A Simple Guide to Aggregate Demand Management

Economic fluctuations can be caused by fluctuations on the demand side (general nominal costs) or on the supply side (general operating conditions). A countercyclical policy may stabilize the former, but not the latter. The best we can do is to keep aggregate demand stable. With stable demand, fluctuations in output, employment, and inflation should be associated with changes in technology, resource availability, and laws.

This does not mean that managing aggregate demand is easy. By no means. Maintaining overall spending levels (or growing at a constant rate; both can work) is a challenge for policy makers. Monetary policy works better than fiscal policy. But even monetary policy, as long as it is managed by discretionary technocrats, is fraught with problems.

Fiscal policy is a bad way to stabilize aggregate demand. Government spending can change the composition of economic activity, but rarely stimulate it. A well-known macroeconomic aphorism says that fiscal policy should be “timely, purposeful and temporary.” These prerequisites are rarely met.

Suppose the economy is in a recession and fiscal policy can help. How likely is it that politicians (Congress and President) will design an appropriately sized package, get it through before the recession turns into expansion, and voluntarily cut spending after the recovery? Doubtful, to say the least.

Monetary policy works better in theory. Central bankers can make decisions much faster than elected officials. The relationship between the Fed’s main instrument, the monetary base (physical currency plus deposits with the Fed), and total spending is relatively straight forward (though far from constant). And broad-based monetary stimulus can kick-start production by minimizing distortions in relative prices.

Despite these advantages, monetary policy often leads to confusion in practice. Look at all the troubles the Fed failed to prevent, if not directly caused: the Great Depression, the inflation of the 1970s, the Great Recession of 2007-2009, our current inflationary episode. This is hardly reassuring! It seems that every generation of economists is destined to (re)learn that creating models and making the right policy decisions are very different problems.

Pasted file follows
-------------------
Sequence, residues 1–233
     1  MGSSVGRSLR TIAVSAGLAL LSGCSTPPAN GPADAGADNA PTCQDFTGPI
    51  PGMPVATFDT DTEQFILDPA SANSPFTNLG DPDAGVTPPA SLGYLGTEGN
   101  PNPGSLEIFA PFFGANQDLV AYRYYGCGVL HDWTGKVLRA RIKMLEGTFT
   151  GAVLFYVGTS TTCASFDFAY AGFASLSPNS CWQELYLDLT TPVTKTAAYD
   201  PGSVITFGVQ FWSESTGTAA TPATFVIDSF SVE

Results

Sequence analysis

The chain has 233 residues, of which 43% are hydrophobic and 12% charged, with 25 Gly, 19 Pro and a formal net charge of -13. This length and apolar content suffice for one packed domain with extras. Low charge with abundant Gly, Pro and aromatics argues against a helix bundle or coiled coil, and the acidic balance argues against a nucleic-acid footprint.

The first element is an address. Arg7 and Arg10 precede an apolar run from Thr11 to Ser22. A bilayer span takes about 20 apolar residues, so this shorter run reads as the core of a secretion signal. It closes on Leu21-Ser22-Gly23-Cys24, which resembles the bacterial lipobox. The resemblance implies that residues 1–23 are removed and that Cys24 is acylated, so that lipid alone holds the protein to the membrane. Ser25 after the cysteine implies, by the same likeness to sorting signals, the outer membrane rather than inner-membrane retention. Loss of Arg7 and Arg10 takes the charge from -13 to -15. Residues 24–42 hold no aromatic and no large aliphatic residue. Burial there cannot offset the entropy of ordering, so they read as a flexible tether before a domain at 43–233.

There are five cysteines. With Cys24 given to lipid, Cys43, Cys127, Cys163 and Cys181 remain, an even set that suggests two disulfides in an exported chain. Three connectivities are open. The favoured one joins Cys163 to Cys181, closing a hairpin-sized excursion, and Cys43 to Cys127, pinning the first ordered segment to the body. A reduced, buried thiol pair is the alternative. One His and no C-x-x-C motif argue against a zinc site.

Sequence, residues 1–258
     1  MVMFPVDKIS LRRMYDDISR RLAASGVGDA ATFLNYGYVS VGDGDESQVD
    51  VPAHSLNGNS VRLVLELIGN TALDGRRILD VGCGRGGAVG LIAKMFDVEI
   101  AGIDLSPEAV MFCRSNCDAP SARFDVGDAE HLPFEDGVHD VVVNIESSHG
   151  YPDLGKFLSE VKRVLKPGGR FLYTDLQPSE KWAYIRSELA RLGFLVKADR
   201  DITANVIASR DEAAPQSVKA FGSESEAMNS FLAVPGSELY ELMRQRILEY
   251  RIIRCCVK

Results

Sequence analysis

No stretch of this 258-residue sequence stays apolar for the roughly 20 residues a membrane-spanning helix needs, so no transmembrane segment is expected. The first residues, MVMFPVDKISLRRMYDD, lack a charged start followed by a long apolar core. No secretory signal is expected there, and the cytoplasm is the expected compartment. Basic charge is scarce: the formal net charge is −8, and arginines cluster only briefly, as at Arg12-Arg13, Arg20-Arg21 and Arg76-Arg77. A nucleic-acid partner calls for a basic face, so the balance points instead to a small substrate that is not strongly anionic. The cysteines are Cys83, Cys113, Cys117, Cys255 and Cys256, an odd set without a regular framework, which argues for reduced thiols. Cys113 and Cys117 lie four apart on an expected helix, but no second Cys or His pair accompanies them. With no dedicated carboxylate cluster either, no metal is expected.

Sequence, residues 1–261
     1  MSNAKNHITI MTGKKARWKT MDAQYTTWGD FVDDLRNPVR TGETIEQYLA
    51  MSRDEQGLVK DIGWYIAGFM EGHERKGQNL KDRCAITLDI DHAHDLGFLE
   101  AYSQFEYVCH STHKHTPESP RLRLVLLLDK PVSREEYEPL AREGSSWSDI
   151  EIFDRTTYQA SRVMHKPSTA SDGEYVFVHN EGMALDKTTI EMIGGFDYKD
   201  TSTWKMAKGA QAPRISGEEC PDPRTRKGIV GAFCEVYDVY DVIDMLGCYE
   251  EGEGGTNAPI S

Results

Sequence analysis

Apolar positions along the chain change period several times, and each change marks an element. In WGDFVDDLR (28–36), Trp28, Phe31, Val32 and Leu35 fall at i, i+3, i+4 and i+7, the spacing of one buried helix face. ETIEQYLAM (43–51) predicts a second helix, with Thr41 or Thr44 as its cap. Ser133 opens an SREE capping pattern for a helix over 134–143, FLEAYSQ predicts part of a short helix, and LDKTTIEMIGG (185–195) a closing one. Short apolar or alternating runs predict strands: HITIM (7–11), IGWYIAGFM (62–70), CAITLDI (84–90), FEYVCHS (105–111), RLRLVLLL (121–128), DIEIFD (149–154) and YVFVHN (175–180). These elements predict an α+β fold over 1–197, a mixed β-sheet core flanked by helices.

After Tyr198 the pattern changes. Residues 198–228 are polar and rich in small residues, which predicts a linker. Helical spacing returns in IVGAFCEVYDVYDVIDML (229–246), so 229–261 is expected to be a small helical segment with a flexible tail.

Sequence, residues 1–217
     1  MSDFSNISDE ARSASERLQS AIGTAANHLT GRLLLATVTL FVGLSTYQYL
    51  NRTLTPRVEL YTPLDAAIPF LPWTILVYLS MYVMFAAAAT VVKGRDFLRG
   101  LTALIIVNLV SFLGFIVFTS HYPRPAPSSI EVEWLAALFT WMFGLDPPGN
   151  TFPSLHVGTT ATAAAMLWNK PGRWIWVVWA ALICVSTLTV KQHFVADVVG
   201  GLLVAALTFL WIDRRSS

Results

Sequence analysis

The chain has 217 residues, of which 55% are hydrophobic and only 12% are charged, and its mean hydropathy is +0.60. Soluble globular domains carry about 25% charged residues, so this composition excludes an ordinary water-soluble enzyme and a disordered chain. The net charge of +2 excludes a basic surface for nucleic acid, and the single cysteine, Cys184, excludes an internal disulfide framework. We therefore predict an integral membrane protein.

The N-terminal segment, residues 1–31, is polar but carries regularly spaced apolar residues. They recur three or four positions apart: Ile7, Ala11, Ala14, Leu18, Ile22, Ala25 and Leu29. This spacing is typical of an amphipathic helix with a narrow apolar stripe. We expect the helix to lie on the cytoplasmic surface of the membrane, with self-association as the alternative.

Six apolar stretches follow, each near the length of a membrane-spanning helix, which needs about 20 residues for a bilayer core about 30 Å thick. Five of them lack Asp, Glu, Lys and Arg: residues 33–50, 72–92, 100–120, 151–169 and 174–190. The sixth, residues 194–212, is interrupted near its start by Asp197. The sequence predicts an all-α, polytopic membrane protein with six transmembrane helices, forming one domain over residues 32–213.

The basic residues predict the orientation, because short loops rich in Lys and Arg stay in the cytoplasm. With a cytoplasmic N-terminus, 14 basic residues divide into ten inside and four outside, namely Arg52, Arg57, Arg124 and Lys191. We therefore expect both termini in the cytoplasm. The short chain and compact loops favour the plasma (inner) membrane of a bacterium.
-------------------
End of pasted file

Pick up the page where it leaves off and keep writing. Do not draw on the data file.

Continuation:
Monetary policy can be improved by putting it on autopilot. The Fed should have a single, well-defined mandate that forces it to meet an outcome variable such as a price target or a nominal spending target. Give him some leeway with regard to the tools he uses, but not with regard to his main purpose. Mere verbal warnings from legislators are clearly not enough to keep central banks on their toes. When inflation hits 9.1 percent, something has obviously gone wrong and needs to change. It is not enough to shuffle FOMC members. “Finding the right central bankers” is as stupid as “finding the right politicians”. The point is to make the process work well even when we have bad policies. If we need a central bank, let’s at least keep it on a short leash.

Once we have good institutions in place to manage aggregate demand, only aggregate supply will remain. Strictly speaking, supply-driven economic fluctuations are not cyclical. Things like pandemics, wars, and tax increases are not periodic. When they happen, we need a very different political response than spending money or printing money.

Limited supply lowers the maximum sustainable levels (or growth rates) of output and employment. Usually we can’t do anything about it. What happens to inflation depends on the demand response. If the central bank stabilizes inflation, it will have to double the decline in output and employment. If this stabilizes nominal spending, it could allow inflation to absorb some of the hit to output and employment. I prefer the latter. But there is no way to get our pie and eat it too. Difficulties on the supply side complicate production in general. This is the source of our difficulties, not a secondary political reaction.

On the demand side, we need to keep nominal spending as stable as possible. On the supply side, we should keep taxes low and regulation light. These simple rules can cause ridicule from the sophisticated. Ignore them; they are overconfident in their ability to fine-tune. In truth, we have moved a little beyond the classically liberal precepts of the free market, hard money, and peace. “Keep it simple, dumbass” is good enough for a job in government.

Alexander William Salter

Alexander W. Salter

Alexander William Salter is the Georgie Snyder Associate Professor of Economics at the Rawls College of Business and Comparative Economics Fellow at the Free Market Institute at Texas Tech University. He is a co-author Money and the Rule of Law: Generality and Predictability in Monetary Institutionspublished by Cambridge University Press. In addition to his many scientific articles, he has published about 300 original articles in leading national publications such as Wall Street Journal, National review, Opinion Fox Newsas well as Hill.

Salter received his M.A. and Ph.D. in economics from George Mason University and a bachelor’s degree in economics from Western College. He was a member of the AIER Summer Scholarship Program in 2011.

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